Happy April Fools Day! I wish I had a great joke to tell, but the joke is how long it has taken to start writing again. I’ve spent so much time writing research papers for school that it uses up my creativity for recording/blogging for myself. The benefit of being “middle-aged” is that I have learned how much I love writing and its joy in my life. It is shocking how fast memories slip from my ears and blow away in the wind. Experiences that I would never think I could forget are recorded on web pages that I wrote ten years ago on my blog. I read them now, and I’m blown away. How could I forget that Halle always wore her pants backward, Ella smeared peanut butter on over the piano and I was stuck on my back, pregnant, as I cleaned (and ate it) for hours, or Brighton broke her wrist playing soccer? All of these things were such a big deal at the time, but time has a way of marching on whether we are paying attention or not.
I recently started reading the book “The Artists Way,” and I love her concept of “morning pages.” The words we write don’t need to change the world; we need to get our words out. If we don’t express our thoughts, they can block us. I believe I’m so full of words at this point that I can barely move. Letters are all stuck in my veins, and phrases, quotes, and sentences are swirling like a tornado through my brain. I used to think I was helping other people blog, but now I realize I was the one who was helped the most.
For the most part, I’ve been off social media for three months now. I chose this path because I knew I needed to focus on what I needed to find myself and my health. I have learned things that would have lain dormant otherwise in that small time frame. At my sister’s suggestion, I took an online test and was diagnosed with ADHD. I feel like I should put an exclamation point there, but I can’t bring myself to do it because nobody was surprised as I’ve discussed this label with several people. Are you telling me that everyone knew I had ADHD but myself?
“Kids, (insert husband, parents, friends) I was diagnosed with ADHD, can you believe it?!”
“Um, yeah? And?” (with ranging levels of snickers or laughter)
Apparently! (haha) I don’t really believe in living according to labels, but I would agree that my mind is always moving and creating bubbles inside, and I’m constantly infusing life with it. It is causing a lot of reflection as I look back on my life through this new lens. I often chuckle inside, thinking how obvious it should have been, even as a young child. After all, I was the only one in my home ec class that jumped out the window while my poor elderly woman teacher turned her head. I was the only girl spitting spit wads at the ceiling in fifth grade with the hyper boys. And I can remember more times I was four-wheeling in the mountain in high school than in class.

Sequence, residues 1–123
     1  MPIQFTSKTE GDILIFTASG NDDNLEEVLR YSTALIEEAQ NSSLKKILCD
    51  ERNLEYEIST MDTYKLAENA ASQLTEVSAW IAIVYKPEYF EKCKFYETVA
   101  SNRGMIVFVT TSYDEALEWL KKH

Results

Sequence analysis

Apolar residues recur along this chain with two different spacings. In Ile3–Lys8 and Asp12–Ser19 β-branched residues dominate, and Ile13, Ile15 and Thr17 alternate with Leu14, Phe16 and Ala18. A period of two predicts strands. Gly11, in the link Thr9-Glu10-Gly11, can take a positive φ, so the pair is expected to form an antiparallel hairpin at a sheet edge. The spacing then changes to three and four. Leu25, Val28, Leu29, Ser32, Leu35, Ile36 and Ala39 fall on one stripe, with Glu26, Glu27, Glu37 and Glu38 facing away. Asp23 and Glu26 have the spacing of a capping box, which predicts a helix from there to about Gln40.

When I sat down with my counselor as a senior before I graduated, he pulled out my permanent record. He put on his glasses and looked at the now permanently burning words in my brain. “I am seriously concerned about Janae’s ability to function in real life. ” He read it slowly, and I laughed at his hilarious sense of humor until he said, “I’m not joking.” I laughed again, but something in my belly burned. It stung. How would my fifth-grade teacher condemn the rest of my potential success when I was ten years old? And so, I laughed again. ‘whatever’, I thought’ and most assuredly ran out the front doors of my school and went to do something productive, like laying out in my underwear on the school bleachers. I wish I were kidding.
Somehow, I’ve made it into mid-life and even mothered seven children. I am not perfect, and I am still distracted, but I’ve been a contributing member of society. I’ve worked hard. I’ve been distracted (and so has my husband), but we figure stuff out together. We have had so many fun creative adventures! We all have labels put on us, and in the case of ADHD, the brain does work a bit differently, but that is not a life sentence. It is just part of the view and how we experience our chosen story. Our story is golden, and I’m looking forward to sharing it again. Who knows how long I’ll remember what is happening in my life right now?! But, it is worth recording it, if even for my five accidental readers sent here from google for some random reason.
Oh, and one of my recent highlights was going on a snow hike by my new cabin in Timberlakes with my friend, Nancy and her dog Nico. Getting outside and moving always brightens my day!
This is a testament to why we should not try to change children to fit the mold of what society thinks is “normal.” You bring so much joy to the world. If you had been medicated, who would you be today and what would you have accomplished being “normal?” Glad your parents let you do you. I love you and wouldn’t want you any other way.